Unlike Railway preservation, there is no scope for a new build 40 years down the line as unfortunately ships don't have the same 'Grandfather rights' to exclude them from some of the more extreme and technologically intense regulations, so really it's now or never.

paullad1984
18th April 2010, 19:38
Sorry Paul, it's more than fifty years since I built one.

Braver man than me, i just break em!

paull.happyhiker
18th April 2010, 20:37
Rebuilding and/or building from scratch a new paddle steamer is not quite the same as building a complete A4 locomotive, the costs will probably be higher, with the problem that the original drawings of a similar vessel will class her as unseaworthy and incapable of obtaining a license to carry passengers!

elf and safety spoil everything

paull.happyhiker
18th April 2010, 20:41
Rebuilding and/or building from scratch a new paddle steamer is not quite the same as building a complete A4 locomotive, the costs will probably be higher, with the problem that the original drawings of a similar vessel will class her as unseaworthy and incapable of obtaining a license to carry passengers!

Thats a real shame as money could be made by getting models done and im sure more people would be interested if it was started from scratch. Surely it would be better to put the poor lady out of her misery

Stevo
19th April 2010, 00:17
Hmm! That's just how Ryde's skipper Capt Yealland's wife feels. She knows the ship more then anyone, put her out of her misery. The Capt used to say the Ryde will just fall to bits and it would be on her terms, she would have the last laugh.

MarkYoungIW
19th April 2010, 18:53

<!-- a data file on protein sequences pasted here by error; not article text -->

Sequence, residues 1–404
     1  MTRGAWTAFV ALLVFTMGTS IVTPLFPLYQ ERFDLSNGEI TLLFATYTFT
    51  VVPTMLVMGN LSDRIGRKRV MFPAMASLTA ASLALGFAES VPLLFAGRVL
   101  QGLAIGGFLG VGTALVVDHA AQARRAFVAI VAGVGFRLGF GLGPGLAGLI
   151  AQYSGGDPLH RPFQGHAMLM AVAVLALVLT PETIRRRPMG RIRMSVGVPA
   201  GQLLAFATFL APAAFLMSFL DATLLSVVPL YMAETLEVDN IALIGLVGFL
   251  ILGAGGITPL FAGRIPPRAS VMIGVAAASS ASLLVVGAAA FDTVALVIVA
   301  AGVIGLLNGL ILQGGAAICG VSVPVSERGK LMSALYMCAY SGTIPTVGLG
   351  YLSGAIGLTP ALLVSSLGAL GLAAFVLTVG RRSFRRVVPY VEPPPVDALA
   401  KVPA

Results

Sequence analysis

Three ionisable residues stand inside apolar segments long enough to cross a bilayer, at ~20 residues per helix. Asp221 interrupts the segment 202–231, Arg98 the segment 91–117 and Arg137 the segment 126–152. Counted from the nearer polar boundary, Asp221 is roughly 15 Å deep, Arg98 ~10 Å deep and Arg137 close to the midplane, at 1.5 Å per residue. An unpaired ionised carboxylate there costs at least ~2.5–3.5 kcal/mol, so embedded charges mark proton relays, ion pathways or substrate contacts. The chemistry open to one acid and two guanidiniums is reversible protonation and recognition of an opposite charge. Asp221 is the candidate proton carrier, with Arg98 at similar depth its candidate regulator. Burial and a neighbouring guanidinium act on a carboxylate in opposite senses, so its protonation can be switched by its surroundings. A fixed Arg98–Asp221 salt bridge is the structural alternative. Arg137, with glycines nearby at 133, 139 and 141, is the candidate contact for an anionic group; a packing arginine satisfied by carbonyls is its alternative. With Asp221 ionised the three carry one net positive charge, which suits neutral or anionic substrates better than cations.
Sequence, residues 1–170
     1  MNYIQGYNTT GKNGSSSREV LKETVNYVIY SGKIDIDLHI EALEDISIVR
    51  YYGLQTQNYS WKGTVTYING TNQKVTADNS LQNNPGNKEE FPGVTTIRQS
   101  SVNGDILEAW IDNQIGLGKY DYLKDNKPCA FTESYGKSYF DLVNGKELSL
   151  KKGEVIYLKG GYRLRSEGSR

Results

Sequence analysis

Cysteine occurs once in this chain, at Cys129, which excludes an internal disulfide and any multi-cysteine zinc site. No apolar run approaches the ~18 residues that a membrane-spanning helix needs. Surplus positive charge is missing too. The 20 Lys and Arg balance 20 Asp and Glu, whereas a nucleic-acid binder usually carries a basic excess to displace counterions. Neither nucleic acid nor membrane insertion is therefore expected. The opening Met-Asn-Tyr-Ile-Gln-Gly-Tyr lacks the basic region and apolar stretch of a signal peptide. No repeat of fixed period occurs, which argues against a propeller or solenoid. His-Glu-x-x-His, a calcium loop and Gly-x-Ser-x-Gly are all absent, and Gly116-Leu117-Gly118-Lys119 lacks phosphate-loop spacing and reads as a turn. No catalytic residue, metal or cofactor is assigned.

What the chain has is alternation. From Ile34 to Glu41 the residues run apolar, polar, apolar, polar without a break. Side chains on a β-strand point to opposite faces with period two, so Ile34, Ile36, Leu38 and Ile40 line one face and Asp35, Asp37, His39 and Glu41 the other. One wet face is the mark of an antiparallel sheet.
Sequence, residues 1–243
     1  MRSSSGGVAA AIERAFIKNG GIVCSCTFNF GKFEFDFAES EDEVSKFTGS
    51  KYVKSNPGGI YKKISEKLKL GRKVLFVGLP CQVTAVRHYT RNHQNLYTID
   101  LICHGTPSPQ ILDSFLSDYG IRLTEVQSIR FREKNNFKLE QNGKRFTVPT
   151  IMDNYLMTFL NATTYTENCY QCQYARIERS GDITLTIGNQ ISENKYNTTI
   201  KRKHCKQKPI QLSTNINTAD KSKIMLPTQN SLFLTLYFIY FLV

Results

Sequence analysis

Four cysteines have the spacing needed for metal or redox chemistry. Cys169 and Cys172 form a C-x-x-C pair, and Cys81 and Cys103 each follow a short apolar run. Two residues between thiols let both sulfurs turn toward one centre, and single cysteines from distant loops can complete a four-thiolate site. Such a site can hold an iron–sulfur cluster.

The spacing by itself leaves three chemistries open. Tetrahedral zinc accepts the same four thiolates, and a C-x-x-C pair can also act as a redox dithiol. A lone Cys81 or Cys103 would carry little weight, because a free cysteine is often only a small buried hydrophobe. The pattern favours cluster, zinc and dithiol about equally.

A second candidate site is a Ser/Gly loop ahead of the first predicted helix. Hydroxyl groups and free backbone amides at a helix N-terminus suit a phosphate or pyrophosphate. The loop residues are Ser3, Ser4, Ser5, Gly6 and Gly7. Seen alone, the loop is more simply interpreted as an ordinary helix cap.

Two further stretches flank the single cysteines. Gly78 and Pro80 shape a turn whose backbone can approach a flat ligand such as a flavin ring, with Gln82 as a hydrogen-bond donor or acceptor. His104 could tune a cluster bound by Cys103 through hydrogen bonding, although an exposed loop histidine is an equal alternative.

@Stevo
I agree with you as far as Lincoln Castle, although I stongly believe she will indeed be restored. The fact that she is being given away is always a great start. I have been to see her at the end of last year, and her condition is indeed fairly good, but from my point of view, I am more interested in Ryde, not only because I have grown up with her being a local icon, but also because of her history and revenue potentials in her home waters on the South Coast & Solent.

With regards to Mrs Yelland, I find it a shame that she now wishes to see the vessel scrapped. I remember for many years she would phone Island Harbour regularly to see how Ryde was holding up, and I was told she was pleased when the PSPS were trying to save her.

I have spoken to many people who have worked, and served onboard Ryde over the years, who very much wished to see her saved too though, and obviously many people as shown by the petition would also be pleased to see her saved.

As James_C has so rightly pointed out most ships of this age have had a great amount of steel renewal, so the rust you see in Ryde, would obviously not be there after any rebuild. If you take a walk around inside her, there is still quite an amount of material in a good state, so that would live on.

Obviously it would be nice to preserve something that is in perfect condition already, but there are a lack of Paddle Steamers that are in that condition.

It gravely concerns me that it seems acceptable to lose Ryde.

Anyway, like I say, the main hurdle at the moment stopping anything proceeding too far is still and always has been is ownership.

Regards

Stevo
20th April 2010, 20:05
Hi Mark
I have been keeping Mrs Yealland informed of the Ryde's predicament for over 20 years, and in the early days there was a general feeling the ship could be saved. I recall going onboard and having a drink at the bar and being told that the ship would float in the mill pond during a rainy period. With the end of the PSPS efforts in the early 90s Pat felt the ship would fall to bits as predicted by Capt Yealland on his visit in the mid 70s, and to be fair she has pretty much done that.

I think now that the ship is in the state she is in, Pat feels that it would be kinder to let her go. She knew the ship well and was privy to the ship's condition (indeed Pat used to work in the Ryde's engine room on weekends) and was aware of the Ryde's failings on her final survey in 1969.

I do understand your reasons for saving the Ryde, as an Islander and a lover of all things nautical, the ferries were a big part of my life and provide a ton of happy childhood memories crossing the Solent. The thought of seeing one of those lovely old boats on the Solent again is certainly appealing.